“I can forgive, but I cannot forget, is only another way of saying, I will not forgive.  Forgiveness ought to be like a canceled note – torn in two, and burned up, so that it never can be shown against one.”  ~Henry Ward Beecher

Walking through the woods today with an old friend I recently reunited with, we shared stories of the times when we did not live up to the best of ourselves as mothers. The truth is that the business of raising children is a mixed bag because all families are reflections of both the best and worst parts of who we are. Our children inherit both; and the art of it (if there is one) is to strive always to be our best and forgive ourselves for our worst.

Seems easy enough to say, but self forgiveness is a life work and many people grow up so familiar with some kind of shame that it is easy to hang onto our worst mistakes and spin long-term consequences out of every weakness.  Overcoming the storyline that keeps us from finding peace in ourselves is the result of trying to forgive ourselves.

Louis B. Smedes wrote, “Forgiving does not erase the bitter past. A healed memory is not a deleted memory. Instead, forgiving what we cannot forget creates a new way to remember. We change the memory of our past into a hope for our future.” This is the transformational process of forgiving.  This is the human alchemy of turning our worst mistakes into fertilizer for the future.  We choose another way of seeing the situation and before long it alters how we remember it and ourselves.

However, forgiveness is also elusive. You can’t make yourself or anyone else forgive and it is not in our immediate human nature to let go. You could say the same exact words about the experience of orgasmic pleasure. No one can force themselves or anyone else into the deep and transformative pleasure of orgasm.  In both cases, all you can do is offer yourself up to the process by being open, curious and vulnerable.  It also helps to stop the thinking, analyzing and questioning, which only keeps the mind preoccupied and distracted from the present moment business of release. You literally cannot orgasm and create a mental shopping list at the same time. You cannot forgive someone if you are cataloging their offenses in your mind.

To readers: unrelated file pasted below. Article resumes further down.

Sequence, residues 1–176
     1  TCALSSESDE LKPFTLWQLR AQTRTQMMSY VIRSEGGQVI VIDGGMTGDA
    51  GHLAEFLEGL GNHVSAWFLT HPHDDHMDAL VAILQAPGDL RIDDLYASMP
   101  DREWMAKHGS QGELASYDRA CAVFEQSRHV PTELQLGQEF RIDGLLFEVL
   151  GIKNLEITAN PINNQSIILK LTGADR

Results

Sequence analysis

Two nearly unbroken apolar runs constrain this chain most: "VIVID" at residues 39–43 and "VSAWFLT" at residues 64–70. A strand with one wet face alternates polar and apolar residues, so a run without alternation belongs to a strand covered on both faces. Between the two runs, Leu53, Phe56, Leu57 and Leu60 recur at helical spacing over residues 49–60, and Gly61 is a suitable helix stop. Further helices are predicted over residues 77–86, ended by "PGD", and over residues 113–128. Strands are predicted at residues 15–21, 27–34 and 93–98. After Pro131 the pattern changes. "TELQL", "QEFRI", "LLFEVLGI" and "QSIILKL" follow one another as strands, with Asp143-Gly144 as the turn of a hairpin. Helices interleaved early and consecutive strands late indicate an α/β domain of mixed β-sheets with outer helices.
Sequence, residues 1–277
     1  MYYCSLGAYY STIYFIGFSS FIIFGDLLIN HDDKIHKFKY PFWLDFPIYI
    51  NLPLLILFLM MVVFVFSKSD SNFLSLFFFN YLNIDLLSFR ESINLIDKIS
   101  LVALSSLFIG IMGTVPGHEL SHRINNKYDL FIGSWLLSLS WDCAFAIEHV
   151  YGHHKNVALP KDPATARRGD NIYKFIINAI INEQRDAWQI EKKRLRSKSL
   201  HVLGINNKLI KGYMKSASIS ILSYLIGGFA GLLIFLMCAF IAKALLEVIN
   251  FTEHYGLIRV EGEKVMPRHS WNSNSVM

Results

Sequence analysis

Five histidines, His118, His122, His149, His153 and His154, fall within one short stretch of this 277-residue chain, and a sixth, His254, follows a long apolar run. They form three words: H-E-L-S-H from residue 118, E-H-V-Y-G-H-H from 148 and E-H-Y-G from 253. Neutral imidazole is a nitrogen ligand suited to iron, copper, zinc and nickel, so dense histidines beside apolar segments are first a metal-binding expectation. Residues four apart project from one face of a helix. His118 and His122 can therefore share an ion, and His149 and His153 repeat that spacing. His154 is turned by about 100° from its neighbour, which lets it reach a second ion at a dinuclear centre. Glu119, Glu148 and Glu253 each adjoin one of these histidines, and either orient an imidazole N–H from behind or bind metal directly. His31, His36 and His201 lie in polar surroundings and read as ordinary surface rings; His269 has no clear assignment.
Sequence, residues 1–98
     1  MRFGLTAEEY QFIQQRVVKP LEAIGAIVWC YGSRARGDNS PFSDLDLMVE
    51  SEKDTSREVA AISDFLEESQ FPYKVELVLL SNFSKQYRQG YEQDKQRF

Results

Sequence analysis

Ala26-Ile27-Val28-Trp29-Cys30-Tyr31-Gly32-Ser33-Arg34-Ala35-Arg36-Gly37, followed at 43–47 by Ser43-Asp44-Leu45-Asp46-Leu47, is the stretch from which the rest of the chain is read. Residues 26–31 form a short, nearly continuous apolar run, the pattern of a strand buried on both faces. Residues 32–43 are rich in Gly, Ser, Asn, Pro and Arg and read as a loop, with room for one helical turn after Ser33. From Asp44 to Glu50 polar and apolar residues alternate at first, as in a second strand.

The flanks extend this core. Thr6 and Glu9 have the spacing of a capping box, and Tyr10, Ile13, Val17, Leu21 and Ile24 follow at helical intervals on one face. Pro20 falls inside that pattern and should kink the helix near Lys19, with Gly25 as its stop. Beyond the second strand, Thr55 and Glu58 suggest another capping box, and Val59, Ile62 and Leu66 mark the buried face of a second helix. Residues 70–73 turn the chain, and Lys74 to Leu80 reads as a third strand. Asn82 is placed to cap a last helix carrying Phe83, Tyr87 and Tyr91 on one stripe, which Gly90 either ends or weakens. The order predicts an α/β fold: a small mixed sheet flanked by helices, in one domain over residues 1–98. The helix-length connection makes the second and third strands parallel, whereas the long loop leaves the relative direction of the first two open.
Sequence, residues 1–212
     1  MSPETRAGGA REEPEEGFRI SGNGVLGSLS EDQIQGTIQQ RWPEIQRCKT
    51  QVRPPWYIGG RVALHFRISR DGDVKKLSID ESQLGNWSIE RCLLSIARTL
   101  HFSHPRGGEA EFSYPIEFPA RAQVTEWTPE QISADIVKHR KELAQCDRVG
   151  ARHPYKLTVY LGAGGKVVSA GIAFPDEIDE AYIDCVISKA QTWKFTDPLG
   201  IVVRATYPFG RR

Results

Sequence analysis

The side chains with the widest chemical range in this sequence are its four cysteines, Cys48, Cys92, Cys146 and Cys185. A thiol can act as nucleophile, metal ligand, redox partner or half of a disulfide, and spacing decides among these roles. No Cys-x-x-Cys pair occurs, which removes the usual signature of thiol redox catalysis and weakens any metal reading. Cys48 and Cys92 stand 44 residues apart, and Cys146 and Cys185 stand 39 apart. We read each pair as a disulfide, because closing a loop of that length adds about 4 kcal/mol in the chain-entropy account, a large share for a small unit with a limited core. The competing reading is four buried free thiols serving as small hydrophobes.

In the end, that maybe what is so powerfully similar about process of forgiveness and orgasm. They are both a kind of grace that takes over and releases us completely into the present moment. In the most visceral of ways, for moments not measurable by our classic sense of time, we are free of our mind and at peace in our body.  Although I have never seen a study, I would bet that there is a proportional similarity between the percentage of people who don’t easily find pleasure and who have never forgiven themselves the shame of not finding pleasure.

Sometimes all you have to do is ask for release and mean it.